Numbers and Organized Religion

It wouldn’t have occurred to a Jewish person to think there was anything other than organized religion! And for the enlightened follower of Yahweh, that such a structure was oppressive wouldn’t even have moved the needle for them (I rejoiced with those who said to me, ‘Let us go to the house of the Lord.’ – Psalm 122:1 and elsewhere). If they could have somehow grasped such an idea, it would have been applied to whatever form of paganism they had been exposed to.

Today if you search for quotes on organized religion or go to Goodreads or a similar site, the animus toward it is overwhelming. Nobody has anything good to say about it. We are all familiar with the abuses and failings associated with OR, but from the one-sidedness displayed, you would think that no lives have ever been saved and transformed, no people fed or clothed, no hospitals built or orphans taken care of.

I’ve argued the case elsewhere, so I’ll only say here that Jesus was against anything that enslaved or abused but He was the product of OR and spoke of establishing His church. If you believe in the Jesus the NT speaks about, you believe in the church! He wasn’t blind and didn’t gloss over the shortcomings of different groups of His (read His words to the seven churches in Asia in Revelation 2-3), but He believed and practiced community and you can’t have that without authority. Not the kind where power is lorded over people until they are bent and broken, but the loving, serving, guiding kind of leadership we see exemplified by people like Moses.

There is organization everywhere you look in Numbers—the first census organized them with a view toward taking the land, while the second had that in mind but also spoke of the allotment of the land (26:52-56). Then Israel was organized in regard to how they set up camp (2), the duties of the Levites (5) and on it goes. Interspersed throughout the book are sections dealing with the organization of sacrifices and offerings (5-10, 15, 18-19, etc.). What we have in chapters 28-29 is one of those sections.

Taken as a unit, it’s not hard to see that one purpose of this section was to present the nation with a schedule for sacrifices. We are told sacrifices were to be offered each day (28:1ff), at the end of each week (Sabbath – v. 9ff), at the beginning of each month (v. 11ff) and during the special times they were to celebrate each year (v. 16ff). Numerous writers have noted the correspondence between this schedule and creation—the daily offerings taking place in the morning and evening, the ones recognizing the Sabbath, months (lunar) and harvest (sun).

Beyond that, the schedule provided structure in the sense that it wove God into their calendar. Olson makes the point that these two chapters organized the nation in terms of time just as the arrangement of the camp organized them in terms of space. Time, in all its different manifestations, belongs to God and is given as a gift to man. It is segmented in different ways not to oppress or burden, but to liberate and help man to live in rhythm.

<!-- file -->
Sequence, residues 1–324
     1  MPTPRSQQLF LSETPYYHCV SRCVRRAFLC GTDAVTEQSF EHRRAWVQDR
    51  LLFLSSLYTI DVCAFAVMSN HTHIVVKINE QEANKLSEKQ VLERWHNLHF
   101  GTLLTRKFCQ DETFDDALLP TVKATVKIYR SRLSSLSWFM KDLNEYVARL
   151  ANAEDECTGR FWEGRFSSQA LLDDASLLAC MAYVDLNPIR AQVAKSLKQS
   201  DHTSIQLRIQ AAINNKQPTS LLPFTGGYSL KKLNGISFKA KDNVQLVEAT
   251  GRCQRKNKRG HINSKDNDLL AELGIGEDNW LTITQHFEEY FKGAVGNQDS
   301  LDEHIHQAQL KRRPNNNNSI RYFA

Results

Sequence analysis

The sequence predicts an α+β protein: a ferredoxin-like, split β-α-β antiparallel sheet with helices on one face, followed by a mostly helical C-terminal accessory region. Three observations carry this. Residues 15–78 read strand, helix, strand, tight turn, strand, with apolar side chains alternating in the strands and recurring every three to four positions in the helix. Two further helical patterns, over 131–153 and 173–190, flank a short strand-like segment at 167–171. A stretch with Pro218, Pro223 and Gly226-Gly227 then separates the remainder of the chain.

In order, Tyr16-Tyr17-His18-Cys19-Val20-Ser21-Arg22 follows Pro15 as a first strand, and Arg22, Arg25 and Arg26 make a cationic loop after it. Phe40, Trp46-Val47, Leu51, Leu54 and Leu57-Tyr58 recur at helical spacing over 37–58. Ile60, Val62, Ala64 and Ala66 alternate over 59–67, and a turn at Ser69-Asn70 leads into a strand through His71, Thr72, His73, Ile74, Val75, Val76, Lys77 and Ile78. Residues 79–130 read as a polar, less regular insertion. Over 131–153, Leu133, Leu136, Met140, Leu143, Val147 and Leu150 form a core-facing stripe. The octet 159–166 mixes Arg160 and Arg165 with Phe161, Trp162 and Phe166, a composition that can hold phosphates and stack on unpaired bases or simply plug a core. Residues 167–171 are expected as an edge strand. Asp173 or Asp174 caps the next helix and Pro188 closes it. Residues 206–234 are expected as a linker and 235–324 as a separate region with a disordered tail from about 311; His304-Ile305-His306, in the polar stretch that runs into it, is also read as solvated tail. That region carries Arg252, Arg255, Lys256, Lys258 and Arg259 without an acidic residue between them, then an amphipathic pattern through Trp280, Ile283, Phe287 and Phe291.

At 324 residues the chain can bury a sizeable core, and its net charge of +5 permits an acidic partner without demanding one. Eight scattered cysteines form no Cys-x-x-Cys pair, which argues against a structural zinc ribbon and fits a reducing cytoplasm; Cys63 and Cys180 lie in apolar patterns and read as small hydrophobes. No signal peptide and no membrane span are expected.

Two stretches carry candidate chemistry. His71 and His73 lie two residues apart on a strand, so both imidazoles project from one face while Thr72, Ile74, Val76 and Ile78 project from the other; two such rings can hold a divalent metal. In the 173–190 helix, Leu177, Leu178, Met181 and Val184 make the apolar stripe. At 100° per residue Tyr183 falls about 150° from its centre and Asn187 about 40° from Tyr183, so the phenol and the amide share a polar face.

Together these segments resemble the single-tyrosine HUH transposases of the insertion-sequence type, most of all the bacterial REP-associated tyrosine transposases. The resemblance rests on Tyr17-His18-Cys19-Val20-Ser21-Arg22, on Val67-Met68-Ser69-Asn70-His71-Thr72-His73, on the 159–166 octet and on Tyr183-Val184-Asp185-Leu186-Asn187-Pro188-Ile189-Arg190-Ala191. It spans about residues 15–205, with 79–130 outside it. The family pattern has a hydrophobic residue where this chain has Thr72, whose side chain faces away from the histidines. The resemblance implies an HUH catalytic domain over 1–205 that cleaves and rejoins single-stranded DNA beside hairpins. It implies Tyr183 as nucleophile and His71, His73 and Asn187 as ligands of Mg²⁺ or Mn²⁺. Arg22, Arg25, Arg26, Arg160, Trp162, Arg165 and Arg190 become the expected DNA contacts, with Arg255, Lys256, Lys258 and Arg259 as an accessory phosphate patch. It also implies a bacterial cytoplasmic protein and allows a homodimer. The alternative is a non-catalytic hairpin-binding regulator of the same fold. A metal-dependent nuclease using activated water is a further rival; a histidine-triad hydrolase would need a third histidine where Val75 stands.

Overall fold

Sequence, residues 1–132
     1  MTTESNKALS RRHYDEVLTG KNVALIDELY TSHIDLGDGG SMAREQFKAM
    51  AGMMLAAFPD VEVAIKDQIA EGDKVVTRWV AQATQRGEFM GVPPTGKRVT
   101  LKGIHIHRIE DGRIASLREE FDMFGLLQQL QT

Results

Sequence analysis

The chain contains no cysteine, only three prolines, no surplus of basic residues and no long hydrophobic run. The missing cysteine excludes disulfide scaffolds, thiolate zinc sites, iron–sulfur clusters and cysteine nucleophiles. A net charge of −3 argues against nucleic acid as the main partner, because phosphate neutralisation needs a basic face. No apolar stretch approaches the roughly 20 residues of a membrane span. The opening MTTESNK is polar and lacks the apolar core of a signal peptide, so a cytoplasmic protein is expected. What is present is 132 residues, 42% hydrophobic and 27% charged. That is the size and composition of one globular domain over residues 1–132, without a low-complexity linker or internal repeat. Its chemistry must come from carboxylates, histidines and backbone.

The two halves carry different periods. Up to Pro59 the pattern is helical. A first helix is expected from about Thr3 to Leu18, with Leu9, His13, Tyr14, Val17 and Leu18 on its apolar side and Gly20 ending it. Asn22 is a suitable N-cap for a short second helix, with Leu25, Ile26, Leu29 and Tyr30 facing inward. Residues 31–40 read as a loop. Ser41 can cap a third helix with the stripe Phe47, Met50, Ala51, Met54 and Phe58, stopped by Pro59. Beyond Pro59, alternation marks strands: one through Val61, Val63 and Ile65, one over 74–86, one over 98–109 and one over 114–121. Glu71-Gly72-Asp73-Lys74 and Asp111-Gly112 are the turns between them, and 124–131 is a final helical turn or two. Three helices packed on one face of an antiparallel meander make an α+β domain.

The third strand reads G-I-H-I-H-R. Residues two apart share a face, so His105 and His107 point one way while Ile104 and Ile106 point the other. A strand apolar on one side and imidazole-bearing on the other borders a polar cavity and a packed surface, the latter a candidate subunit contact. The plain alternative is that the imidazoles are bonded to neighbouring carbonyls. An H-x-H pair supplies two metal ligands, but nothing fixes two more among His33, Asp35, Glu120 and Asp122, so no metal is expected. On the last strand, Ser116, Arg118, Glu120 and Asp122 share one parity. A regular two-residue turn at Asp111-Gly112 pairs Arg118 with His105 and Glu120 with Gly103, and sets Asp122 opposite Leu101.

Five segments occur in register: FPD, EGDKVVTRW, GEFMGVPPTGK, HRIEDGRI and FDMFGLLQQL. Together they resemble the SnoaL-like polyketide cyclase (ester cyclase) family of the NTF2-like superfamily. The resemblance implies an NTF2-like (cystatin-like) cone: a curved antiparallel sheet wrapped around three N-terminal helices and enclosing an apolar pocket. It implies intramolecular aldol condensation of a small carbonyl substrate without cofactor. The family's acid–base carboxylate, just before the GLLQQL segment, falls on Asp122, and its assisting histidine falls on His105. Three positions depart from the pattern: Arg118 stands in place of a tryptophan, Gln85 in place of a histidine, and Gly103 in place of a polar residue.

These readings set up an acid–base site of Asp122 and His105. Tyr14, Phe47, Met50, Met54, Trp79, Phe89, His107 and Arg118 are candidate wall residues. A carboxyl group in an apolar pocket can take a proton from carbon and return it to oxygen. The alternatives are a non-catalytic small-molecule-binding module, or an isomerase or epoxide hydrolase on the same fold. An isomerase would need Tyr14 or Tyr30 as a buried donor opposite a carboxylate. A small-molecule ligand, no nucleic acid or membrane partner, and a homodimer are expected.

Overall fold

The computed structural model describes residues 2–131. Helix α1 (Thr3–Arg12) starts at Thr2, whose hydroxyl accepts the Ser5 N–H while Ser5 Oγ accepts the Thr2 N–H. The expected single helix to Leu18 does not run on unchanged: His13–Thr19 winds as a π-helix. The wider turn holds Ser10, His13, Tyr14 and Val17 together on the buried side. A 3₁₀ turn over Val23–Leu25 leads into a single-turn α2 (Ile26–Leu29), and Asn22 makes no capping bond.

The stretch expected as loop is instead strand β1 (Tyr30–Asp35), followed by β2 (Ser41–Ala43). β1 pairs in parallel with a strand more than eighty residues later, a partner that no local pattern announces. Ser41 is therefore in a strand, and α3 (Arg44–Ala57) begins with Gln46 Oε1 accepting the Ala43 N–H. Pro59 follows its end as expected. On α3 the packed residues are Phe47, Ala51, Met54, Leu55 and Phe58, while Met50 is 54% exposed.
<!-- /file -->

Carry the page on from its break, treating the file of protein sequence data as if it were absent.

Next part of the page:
Whether you run, jog or just walk, we all recognize the importance of rhythm. Without the coordination of our arm, legs, eyes, and other body parts, we would fall flat on our face. If we want to get somewhere, we have to find our rhythm. The schedule of sacrifices did that for Israel. It synced them with creation.

Rather than filling time, Israel was to be formed and framed by it. The sacrificial schedule made it clear that Israel was to structure their life around God. This is what disciples do as living sacrifices. They refuse to follow the status quo of structure as being primarily about work or school, meals, sleep, etc. Instead, they find renewal through structuring their lives around Him. Spirituality and structure intertwine. 

Organization is a beautiful thing. We don’t rail against it when we’re taken into the operating room—we greatly want it! We don’t speak of it as oppressive when we’re doing financial, educational, or other types of planning—we understand its value! We teach our children to make their beds and pick up their toys. Why is it so different when it comes to spiritual matters?

. . . Train yourself to be godly (1 Timothy 4:12). It won’t do to worship organization, but structure and spirituality are not opposing forces!



Published by A Taste of Grace with Bruce Green

I grew up the among the cotton fields, red clay and aerospace industry of north Alabama. My wife and I are blessed with three adult children and five grandchildren.

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